Here is where you might say, reasonably and with the proper understanding of semantics and perspective, “but your one-off efforts sound a heck of a lot like projects!”

You would be right! By the strict definitions of the GTD systems and totally chill project managers everywhere, a project is just more than one related task. Pragmatically, I run into two problems with that strict definition:

  • In an environment of changing priorities and shifting business needs, maintaining momentum simply requires a bit more fluidity than that. This is, frankly, the whole reason agile project management has become a thing; I’m just customizing a personal implementation of it.
  • It’s not the way my colleagues think. As an example, they see the overall website project as a…project, and the UX research is simply part of it. Recognizing they’re not adhering to the strictest definition of what a project is, I simply don’t feel the need to win hearts and minds on this one.

In any case, semantics aside, by tagging groups of related Evernote tasks with the same tag, I can use the “anytag search” I’ve talked about previously to quickly call up all of those notes.

Implementation of a “Weekly Notes” File

This used to be my weekly objectives. The weekly objectives were great–the idea was to outline priorities for the week and let that guide my day-to-day decision making. It just wasn’t quite enough.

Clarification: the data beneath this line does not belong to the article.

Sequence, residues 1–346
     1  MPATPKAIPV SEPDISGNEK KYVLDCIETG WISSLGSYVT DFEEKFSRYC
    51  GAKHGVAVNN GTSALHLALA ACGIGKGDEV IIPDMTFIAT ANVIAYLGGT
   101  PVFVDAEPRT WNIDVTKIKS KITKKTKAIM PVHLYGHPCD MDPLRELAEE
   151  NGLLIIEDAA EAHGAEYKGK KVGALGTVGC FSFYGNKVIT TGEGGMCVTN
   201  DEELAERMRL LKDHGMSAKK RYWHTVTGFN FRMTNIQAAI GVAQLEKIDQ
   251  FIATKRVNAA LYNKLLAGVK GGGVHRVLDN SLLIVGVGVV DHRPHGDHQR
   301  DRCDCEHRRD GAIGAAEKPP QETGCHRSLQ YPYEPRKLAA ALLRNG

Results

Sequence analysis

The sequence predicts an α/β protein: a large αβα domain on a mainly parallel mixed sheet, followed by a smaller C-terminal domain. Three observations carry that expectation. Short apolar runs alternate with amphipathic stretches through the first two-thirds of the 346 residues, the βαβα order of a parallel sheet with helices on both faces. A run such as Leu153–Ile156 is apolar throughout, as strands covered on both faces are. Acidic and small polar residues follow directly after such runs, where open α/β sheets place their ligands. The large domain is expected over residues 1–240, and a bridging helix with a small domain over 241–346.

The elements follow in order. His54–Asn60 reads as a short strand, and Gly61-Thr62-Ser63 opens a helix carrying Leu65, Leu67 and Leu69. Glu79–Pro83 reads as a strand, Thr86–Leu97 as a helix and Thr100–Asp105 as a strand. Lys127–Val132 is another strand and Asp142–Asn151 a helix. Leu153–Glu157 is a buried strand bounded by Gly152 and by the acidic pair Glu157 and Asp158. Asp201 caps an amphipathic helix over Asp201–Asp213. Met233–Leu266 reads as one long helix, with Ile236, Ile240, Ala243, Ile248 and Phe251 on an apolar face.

Evernote Task Management SystemToday, I prepare a weekly note on the same day I’m doing my weekly review. I add headings for all the days of the week using my date format (MMDDYY). As I’m going through all my P1, P2 and P3 tasks across the different areas of my life, I quickly add bullet lists in my weekly notes about what needs to get tackled when.

This is just a rough outline, and reflects when I think I’ll have time to handle these things, as well as some reminders. It’s actually pretty close to the weekly objectives I used to put together.

This note gets dramatically more detailed as the week goes on, and I pretty much live and die by it. In the office on Monday, I keep the note open as I’m clearing my inboxes and filing notes, and during that process, I actually come up with my gameplan for that day. Here’s how:

My personal Evernote task management systemFirst, I go ahead and move the entry for that day to the top.

The note stays open and accessible while I process my inboxes, and I write out the projects that need to get tackled that particular day.

Once I’m done filing and prioritizing all of the notes from my inboxes, I go back and take a look at my P1 tasks, and add in the action items. I even add checkboxes to them!Evernote task management system

The trick in this step is balance. There’s enough information in here for me to quickly understand what needs to be done, but not so much that it takes more than ten minutes for me to create the entire day’s gameplan.

All of the details to execute these tasks–the invoice number for Client X, the timelines for the mobile sites, etc.–are in notes that are filed with “client invoices” or “mobile timeline planning” tags, and can be quickly recalled with the “anytag” search trick.

On days I’m feeling particularly pressured, I take 30 more seconds and highlight the items that need to be done first. These are usually items I’m behind on completing (oops!), or where someone is waiting on information from me to keep a project moving forward.